My Original Review

I first came across this delightful memoir while reading The Storied Life of A. J. Fikry for my local book club. At the time I didn’t realize that it was an epistolary book. I only knew that its focus was on the love of books. Being quite the bibliophile myself, I couldn’t resist picking this one up. What starts off as a simple request from Helene Hanff to find a second-hand book evolves into quite a friendship. 84, Charing Cross Road contains over 20 years of correspondence between Helene Hanff and her booksellers in which they share not only their love of books, but also discussions about their favorite sports teams and politics. Although most of her letters are addressed to Frank Doel, her wry wit and her generosity move the other booksellers, his neighbors and family to write her as well. 84, Charing Cross Road is a really charming and sweet read.


Throwback Pics

Charing Cross Road, 1937; Photographer: Wolf Suschitzky Milkman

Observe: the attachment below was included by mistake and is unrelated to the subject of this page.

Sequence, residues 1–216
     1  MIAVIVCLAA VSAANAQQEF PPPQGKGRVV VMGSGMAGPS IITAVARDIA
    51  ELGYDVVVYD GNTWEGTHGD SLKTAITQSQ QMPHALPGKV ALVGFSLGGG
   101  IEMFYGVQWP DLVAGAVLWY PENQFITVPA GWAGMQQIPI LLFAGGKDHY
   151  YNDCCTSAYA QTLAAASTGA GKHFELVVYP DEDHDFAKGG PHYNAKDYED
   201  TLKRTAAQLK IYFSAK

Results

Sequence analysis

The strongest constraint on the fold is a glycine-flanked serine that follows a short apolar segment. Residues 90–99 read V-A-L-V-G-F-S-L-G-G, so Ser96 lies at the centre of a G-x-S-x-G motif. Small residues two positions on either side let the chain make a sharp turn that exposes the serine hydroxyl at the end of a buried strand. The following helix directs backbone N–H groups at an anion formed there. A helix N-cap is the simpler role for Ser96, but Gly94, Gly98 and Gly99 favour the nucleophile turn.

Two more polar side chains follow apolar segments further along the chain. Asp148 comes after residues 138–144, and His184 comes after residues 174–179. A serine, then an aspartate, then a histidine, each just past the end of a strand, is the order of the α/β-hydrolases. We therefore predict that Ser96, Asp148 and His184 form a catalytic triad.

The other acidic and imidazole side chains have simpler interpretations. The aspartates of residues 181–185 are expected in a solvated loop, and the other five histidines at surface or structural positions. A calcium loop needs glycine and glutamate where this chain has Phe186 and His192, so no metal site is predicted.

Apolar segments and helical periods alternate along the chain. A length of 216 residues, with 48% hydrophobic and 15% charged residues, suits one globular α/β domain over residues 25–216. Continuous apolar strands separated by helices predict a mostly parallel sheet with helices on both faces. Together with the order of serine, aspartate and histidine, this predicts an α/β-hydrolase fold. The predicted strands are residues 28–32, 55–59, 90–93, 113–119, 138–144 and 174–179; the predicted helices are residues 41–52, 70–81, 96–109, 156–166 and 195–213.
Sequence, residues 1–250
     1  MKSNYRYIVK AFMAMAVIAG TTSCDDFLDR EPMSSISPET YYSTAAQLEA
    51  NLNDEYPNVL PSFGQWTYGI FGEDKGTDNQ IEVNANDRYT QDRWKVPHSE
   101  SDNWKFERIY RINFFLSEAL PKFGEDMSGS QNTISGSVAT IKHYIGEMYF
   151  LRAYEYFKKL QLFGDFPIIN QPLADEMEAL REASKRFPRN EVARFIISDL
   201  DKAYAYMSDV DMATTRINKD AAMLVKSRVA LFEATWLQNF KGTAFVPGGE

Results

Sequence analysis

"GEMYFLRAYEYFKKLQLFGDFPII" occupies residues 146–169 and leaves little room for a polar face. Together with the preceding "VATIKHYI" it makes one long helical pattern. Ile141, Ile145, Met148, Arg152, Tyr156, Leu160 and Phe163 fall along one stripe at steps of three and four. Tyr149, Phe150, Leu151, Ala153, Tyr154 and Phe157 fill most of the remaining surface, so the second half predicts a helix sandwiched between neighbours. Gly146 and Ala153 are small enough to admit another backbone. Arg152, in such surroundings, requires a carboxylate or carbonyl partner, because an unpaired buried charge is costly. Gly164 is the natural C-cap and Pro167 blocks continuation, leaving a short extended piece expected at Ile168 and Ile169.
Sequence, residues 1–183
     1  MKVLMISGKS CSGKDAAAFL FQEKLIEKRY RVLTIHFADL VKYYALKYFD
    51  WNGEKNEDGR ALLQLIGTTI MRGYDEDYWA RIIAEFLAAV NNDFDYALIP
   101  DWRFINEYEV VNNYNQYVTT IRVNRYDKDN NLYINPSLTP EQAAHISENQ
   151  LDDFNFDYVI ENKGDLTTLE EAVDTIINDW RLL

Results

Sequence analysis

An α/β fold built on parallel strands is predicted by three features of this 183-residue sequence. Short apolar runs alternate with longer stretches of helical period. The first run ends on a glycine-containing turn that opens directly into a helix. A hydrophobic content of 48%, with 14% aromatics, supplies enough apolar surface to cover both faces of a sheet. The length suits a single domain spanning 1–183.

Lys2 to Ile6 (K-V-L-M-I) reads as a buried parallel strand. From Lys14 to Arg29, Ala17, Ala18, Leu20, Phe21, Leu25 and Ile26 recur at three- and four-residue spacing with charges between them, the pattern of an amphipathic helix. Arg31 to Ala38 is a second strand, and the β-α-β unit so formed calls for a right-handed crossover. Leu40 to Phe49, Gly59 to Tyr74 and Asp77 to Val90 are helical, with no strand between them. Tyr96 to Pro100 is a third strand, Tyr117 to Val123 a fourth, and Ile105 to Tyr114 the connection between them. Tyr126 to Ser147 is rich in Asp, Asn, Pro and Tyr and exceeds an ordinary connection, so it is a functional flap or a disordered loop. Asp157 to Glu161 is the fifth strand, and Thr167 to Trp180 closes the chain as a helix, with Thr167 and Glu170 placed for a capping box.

Anthony Hopkins in 1987 film adaptation of 84 Charing Cross Road

Signing off. Hope we get to talk books soon!

Throwback Thursday #3

I discovered Throwback Thursday on my friend Carla Loves To Read page.

Throwback Thursday meme is hosted by Renee@It’s Book Talk and is a way to share some of your old favorites as well as sharing books that you’re FINALLY getting around to reading that were published over a year ago. You know, the ones waiting patiently on your TBR list while you continue to pile more titles on top of them! These older books are usually much easier than new releases to get a hold of at libraries and elsewhere. If you have your own Throwback Thursday recommendation feel free to jump on board and connect back to Renee’s blog.